There are other minor details, far more that are good and praiseworthy than those that generate questions and plant seeds of doubt, but as Third Wall Productions has come to deliver ‘step-above’ community theatre, the bar of expectations is set high. Little details, particularly in an intimate space like this one, are noticed; Elle Woods would never wear black or navy blue before her transition at the top of the second act, it weakens that transition to see a black vest underlining her pink jacket or that black accent jacket in her dorm-room. And it looks out of place for Emmet to take an noticeably oversized gray jacket into the fitting room during “Take It Like a Man” only to come out seconds later wearing a pristinely fitted black and silver pinstripe one. But for every one of these faux pas and hiccups there are at least three other things that are smart, clever and unique to Cyr’s vision and re-elevate the overall production to the caliber of professionalism that has come to be expected from a Third Wall Production. Giving Vivienne a striking pinstripe pink top when she pops out of the salon during “Legally Blonde— The Remix” is a superb and clever way to show that she’s pro-Elle. Or the bloody handprinted curtain featured over ‘the shower’ for “Scene of the Crime.” If Cyr and his production team— Jordan Hollet Amy & Pat Rudai on Scenic Design, Jenifer Hollet on Costumes, and Amy Haynes Rapnicki on Hair & Wigs— can perfect those details, then they can fix the questionable ones to make a great production a phenomenal one.
Snaps to co-choreographers Cecilia and Lucy DeBaugh who really get that preppy, poppy, bubblegum pink flavor of Legally Blonde, especially when it comes to the girls of Delta Nu doing their thing. The DeBaughs use simple, cheer-inspired routines, which play well to the spatial restrictions of the stage, and really give that UCLA “Malibu Barbie” vibe. Even more impressive than their mastery of the perky cheerleading routines, which wend their way through “What You Want”, “So Much Better”, “Daughters of Delta Nu”, and even loosely inspire some of the fun-movements in “Bend and Snap”, is the way the DeBaughs get the guys dancing at the end of “Ireland.” The fleet-footed kickline where the men dance— without moving their arms— earned a rowdy series of cheers at this performance and really fits the style of the Irish-inspired tune.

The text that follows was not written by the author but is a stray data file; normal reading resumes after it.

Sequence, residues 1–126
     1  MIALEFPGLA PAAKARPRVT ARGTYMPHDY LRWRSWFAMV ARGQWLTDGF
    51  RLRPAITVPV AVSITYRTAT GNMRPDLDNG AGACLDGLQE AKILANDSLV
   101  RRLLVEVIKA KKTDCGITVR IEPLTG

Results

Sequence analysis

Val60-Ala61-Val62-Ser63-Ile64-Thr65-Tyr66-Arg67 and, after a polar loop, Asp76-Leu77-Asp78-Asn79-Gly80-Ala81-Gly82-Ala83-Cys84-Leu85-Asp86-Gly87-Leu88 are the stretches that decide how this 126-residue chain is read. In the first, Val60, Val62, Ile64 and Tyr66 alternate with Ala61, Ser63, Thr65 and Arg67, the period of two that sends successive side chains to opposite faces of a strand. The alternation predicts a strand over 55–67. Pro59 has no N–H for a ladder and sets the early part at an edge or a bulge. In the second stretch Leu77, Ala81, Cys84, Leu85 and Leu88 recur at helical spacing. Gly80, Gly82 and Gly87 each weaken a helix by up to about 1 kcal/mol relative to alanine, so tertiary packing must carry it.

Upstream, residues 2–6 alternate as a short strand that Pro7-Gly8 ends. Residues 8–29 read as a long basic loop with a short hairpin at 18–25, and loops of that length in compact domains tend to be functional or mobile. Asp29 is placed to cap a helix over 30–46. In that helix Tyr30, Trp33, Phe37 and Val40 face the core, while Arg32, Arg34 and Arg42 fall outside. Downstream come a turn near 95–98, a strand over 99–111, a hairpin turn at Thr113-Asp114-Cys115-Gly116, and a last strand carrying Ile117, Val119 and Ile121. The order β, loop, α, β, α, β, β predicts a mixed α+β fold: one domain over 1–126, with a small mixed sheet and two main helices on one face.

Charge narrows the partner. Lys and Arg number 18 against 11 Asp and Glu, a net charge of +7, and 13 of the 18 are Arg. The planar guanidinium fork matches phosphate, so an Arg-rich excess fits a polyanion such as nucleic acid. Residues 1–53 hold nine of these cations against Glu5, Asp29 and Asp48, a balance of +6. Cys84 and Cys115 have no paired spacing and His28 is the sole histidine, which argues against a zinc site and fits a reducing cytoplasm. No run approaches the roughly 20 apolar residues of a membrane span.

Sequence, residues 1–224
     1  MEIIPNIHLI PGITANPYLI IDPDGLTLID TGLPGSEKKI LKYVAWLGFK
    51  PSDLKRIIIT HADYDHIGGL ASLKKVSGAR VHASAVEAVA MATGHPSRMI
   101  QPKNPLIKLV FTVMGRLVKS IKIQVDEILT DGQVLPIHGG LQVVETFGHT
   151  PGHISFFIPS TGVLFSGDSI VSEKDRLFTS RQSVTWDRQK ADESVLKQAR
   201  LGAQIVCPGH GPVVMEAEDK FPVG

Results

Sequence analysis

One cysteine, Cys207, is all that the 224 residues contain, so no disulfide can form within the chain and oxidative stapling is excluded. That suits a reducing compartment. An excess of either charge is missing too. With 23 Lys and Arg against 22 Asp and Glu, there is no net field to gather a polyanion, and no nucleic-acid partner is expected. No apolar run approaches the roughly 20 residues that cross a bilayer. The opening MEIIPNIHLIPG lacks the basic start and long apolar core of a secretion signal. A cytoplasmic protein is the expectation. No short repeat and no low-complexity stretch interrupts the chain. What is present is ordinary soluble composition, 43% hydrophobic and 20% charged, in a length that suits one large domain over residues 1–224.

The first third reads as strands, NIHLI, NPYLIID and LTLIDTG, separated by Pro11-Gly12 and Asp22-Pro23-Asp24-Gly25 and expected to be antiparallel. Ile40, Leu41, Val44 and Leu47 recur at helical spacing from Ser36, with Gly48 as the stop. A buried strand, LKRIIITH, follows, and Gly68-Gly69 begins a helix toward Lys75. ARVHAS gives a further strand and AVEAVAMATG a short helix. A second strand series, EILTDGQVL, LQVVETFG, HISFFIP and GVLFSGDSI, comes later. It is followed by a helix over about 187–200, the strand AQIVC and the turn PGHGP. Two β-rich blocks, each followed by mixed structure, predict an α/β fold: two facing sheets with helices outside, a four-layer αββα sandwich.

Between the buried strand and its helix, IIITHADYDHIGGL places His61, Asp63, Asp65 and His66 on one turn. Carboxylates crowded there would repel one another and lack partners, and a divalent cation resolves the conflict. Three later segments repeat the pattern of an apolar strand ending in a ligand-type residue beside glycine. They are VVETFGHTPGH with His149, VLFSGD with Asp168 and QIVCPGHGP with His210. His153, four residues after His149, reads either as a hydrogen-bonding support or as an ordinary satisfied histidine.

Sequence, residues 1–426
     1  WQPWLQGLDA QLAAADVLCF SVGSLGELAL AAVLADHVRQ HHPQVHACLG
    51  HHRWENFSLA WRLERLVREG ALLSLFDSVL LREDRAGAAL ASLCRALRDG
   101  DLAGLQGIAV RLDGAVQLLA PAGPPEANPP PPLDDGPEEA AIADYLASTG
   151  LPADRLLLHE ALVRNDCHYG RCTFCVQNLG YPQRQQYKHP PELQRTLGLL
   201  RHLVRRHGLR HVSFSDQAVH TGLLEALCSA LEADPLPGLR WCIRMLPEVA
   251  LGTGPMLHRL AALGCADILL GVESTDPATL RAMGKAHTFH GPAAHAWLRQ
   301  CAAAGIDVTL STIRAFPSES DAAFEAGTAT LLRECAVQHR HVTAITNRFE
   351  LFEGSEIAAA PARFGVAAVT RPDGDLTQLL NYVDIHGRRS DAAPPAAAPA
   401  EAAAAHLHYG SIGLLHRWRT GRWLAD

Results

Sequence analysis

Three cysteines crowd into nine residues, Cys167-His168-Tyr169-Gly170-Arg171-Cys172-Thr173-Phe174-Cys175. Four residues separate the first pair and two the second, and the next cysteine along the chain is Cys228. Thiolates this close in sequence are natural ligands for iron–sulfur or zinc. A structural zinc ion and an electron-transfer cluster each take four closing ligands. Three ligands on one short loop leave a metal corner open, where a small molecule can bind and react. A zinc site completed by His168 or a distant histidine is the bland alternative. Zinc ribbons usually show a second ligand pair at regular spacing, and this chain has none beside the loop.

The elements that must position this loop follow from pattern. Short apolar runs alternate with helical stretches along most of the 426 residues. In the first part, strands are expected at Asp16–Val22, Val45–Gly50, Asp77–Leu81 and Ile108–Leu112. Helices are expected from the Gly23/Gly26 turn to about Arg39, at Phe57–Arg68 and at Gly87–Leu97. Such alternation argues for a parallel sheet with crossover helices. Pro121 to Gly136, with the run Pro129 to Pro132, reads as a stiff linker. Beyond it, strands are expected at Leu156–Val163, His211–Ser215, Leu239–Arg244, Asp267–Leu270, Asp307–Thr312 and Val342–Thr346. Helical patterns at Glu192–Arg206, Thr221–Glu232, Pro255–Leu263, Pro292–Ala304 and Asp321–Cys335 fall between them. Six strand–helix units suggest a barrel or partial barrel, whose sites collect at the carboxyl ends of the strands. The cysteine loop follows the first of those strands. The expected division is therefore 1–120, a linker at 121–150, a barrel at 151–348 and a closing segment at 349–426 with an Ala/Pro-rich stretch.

A strong ensemble works with rigorous effort to be heard over the pit and seen over the lights, but they stand triumphant for the majority of the production. Keep your eyes out for Michael Zellhofer and Lauren Lowell, as Elle’s doting yet ridiculously rich parents, (Lowell and Zellhofer both double out throughout, so look closely!), as well as the Nathan Hendrix, J Purnell Hargrove, and Eve Carlson, who play Aaron Shultz, Sundeep Padamadan, and Enid Hoops, respectively. This trio brings glorious blends (by way of Musical Director Patty DeLisle) to “The Harvard Variations”, in this very unsettling showcase of affluence and entitlement. You’ll have far more fun, however, if you set your eyes on Hargrove as the assistant inside Paulette’s salon; he all but chases the drop-dead-gorgeous package delivery guy out of the store, riddled with an insatiable lust; it is hilarious.
Speaking of— Alex Pecas is a blast of dynamite who steals the show with just a few quick scenes and his rich bass voice that screams PG-13 Seduction symbol of the 90’s (still mostly a kid-friendly show, folks!) Between his strut and his voice, Pecas owns the stage as Kyle, package delivery man, and when he leads the fellas in the dance line at the end of “Ireland”, try not to throw your underthings on stage. Pecas also possesses an impeccable sense of timing, subtly underscoring the caricature of the character with zippy humor that really makes him an impressive addition to the cast.